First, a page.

As Bad As It Gets
Our last comments on the sovereign-debt-ticking-time-bomb otherwise known as Japan came in June 2012, when we proclaimed, The Gig Is Up, based partly on the sound economic reasoning that adult diaper sales are a leading indicator of distress in government financing.
It appears that such talk is heating up once again. We’ve heard that a number of smart managers pitched “The Widow Maker” at a recent investor conference in Geneva. And at GIBI in Dallas last week, Kyle Bass reminded investors why he continues to press their widely publicized bet that the bill has come due in Japan. He believes that Japan will structurally fall apart within the next eighteen months as there is no chance of Japan ever repaying their debt and once the numbers are fully understood, confidence will evaporate. He believes this is the single most mispriced option that has ever existed in world history – an option on the government risk free rate, based on the level of the risk free rate itself (which is at all time lows) and the volatility of that rate (which is also at all time lows).
Kyle does not appear to be alone in his thinking given recent comments from John Hussman:
“On the subject of deficits, the situation in Japan seems increasingly strained. The gross debt/GDP ratio in Japan is now about 225%, and net debt (which excludes debt held by the government itself for monetary, pension and other reasons) is about 130%. During the entire post-war period, Japan has enjoyed a significant trade surplus, which has allowed it to run growing government deficits. Meanwhile, household savings have declined from nearly 15% in the 1990’s to next-to-nothing today. Needless to say, that large and persistent trade surplus has enabled economic dynamics that normally would not be sustainable. But over the past year, Japan has fallen into a trade deficit, which has deepened recently due in part to tensions with China. We are now observing an ominous combination of a significant trade deficit, a deep government deficit, non-existent household savings, a steep debt/GDP ratio, and a contraction in both manufacturing and service sectors according to the latest purchasing manager’s surveys out of Japan. While Europe remains our primary source of concern, I am concerned that both China and Japan are likely to have a more destabilizing impact than is widely assumed.”
And FPA’s Steven Romick:
“As bad as the United States is or seems, Japan, it can be argued, is worse. When we’re asked when America’s problems will catch up with it, we plead the 5th. It’s inevitable, but impossible to time. Japan, however, is far enough along that we believe its fiscal problems will start making headlines sooner rather than later (Please don’t ask us to define “soon”).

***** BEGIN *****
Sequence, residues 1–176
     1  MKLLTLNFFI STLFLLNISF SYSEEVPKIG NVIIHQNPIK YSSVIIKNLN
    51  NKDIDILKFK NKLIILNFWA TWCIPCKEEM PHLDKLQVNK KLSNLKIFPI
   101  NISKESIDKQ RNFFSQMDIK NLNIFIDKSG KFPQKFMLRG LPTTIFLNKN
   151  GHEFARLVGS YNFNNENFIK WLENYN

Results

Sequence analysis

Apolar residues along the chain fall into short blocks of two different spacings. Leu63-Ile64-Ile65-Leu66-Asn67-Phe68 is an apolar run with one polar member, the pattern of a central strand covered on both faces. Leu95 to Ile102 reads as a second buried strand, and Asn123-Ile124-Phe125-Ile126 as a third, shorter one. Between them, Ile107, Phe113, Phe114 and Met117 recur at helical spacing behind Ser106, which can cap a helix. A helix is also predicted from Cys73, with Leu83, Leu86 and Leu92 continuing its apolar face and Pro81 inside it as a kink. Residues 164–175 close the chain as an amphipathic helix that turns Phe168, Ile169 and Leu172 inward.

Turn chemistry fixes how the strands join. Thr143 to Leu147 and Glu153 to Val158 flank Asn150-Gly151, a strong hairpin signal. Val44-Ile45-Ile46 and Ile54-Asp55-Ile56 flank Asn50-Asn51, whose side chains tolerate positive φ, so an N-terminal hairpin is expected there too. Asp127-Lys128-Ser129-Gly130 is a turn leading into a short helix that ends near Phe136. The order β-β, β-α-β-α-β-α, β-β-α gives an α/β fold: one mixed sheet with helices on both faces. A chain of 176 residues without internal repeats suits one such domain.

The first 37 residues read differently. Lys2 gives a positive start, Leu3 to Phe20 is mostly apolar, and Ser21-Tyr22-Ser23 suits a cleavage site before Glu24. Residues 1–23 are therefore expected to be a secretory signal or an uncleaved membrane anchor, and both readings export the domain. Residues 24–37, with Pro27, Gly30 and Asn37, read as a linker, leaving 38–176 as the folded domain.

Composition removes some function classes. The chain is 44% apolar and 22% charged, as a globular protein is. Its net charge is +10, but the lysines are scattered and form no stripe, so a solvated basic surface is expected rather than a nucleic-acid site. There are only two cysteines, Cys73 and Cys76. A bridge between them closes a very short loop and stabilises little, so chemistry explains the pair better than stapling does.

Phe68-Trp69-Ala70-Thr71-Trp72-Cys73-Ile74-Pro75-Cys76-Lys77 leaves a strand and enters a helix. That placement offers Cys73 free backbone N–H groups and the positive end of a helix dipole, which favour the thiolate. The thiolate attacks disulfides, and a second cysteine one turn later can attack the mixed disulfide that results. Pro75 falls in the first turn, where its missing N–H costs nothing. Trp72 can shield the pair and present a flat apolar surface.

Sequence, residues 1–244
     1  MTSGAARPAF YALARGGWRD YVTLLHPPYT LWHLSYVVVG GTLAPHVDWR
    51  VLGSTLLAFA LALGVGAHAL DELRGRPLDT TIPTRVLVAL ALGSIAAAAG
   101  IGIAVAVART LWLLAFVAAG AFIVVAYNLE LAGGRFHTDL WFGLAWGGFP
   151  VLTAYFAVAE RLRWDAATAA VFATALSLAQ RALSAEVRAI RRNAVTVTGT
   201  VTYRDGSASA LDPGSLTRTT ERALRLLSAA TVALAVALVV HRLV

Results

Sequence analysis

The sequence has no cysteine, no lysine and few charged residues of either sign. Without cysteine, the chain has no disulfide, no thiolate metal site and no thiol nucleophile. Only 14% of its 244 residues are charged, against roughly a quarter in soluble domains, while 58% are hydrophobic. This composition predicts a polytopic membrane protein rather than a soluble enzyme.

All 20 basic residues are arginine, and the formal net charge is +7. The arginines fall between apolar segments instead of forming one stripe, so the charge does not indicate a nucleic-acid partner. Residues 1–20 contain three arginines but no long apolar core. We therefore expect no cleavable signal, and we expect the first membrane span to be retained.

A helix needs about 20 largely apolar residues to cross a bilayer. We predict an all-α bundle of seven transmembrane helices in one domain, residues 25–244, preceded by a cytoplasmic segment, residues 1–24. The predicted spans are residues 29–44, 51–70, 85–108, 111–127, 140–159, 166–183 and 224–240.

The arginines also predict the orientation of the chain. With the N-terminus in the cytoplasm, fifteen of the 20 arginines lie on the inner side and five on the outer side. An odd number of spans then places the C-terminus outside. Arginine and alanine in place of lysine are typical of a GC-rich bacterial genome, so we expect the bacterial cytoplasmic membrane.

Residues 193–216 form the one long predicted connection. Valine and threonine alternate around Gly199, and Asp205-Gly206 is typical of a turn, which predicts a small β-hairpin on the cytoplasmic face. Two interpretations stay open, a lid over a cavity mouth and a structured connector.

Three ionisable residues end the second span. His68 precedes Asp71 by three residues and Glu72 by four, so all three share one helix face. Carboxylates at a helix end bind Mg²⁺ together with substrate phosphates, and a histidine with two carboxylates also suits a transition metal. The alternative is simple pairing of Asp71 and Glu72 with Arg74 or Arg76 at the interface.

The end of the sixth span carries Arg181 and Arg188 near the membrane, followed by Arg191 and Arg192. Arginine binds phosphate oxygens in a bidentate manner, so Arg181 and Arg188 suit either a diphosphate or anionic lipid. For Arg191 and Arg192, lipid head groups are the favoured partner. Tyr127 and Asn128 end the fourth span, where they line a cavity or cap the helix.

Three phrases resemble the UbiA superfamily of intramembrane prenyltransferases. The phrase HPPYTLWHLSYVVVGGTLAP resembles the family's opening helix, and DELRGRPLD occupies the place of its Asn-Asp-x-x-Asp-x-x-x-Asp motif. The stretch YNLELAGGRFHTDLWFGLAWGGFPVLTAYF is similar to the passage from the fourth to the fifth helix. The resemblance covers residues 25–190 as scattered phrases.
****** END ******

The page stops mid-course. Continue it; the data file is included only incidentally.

“Despite a deteriorating balance sheet over the last five years, the Japanese Yen has appreciated almost 25% versus the USD, while interest rates, as measured by the 10-year government bond, have nearly been cut in half, to 0.8%. According to a recent IMF Country Report, Japan’s worsening fiscal condition has been a trend for the past two decades, during which the net public debt has increased nearly ten-fold. The same report further states, that “Japan’s net public debt is higher than in almost all other advanced countries, and unlike in many other advanced countries, is projected to rise further. Even a relatively small increase in the sovereign risk premium would make fiscal consolidation more difficult, pose challenges to financial institutions, harm growth prospects in Japan, and could spill over to global risk premia and growth.”
“With this in mind, we have recently begun purchasing over-the-counter derivative instruments that are intended to be profitable if the Japanese Yen weakens or Japanese interest rates rise. Since we have purchased options, our losses are limited to the purchase price of these contracts and are sized accordingly. The potential payoff could be substantial and quite asymmetric if either the exchange rate or interest rates revert to historical levels or something akin to five years ago, when the Yen traded at 115 to the U.S. Dollar and the 10-year Japanese Government Bond (JGB) was 1.7%.
“Considering that we have, at best, only a vague notion of when Japan will take over the headline baton from the PIIGS, each of the instruments we purchased has a multi-year life (including one as long as ten years). That allows us to structure the trade by placing greater emphasis on the “if” part of the thesis, rather than the”when.”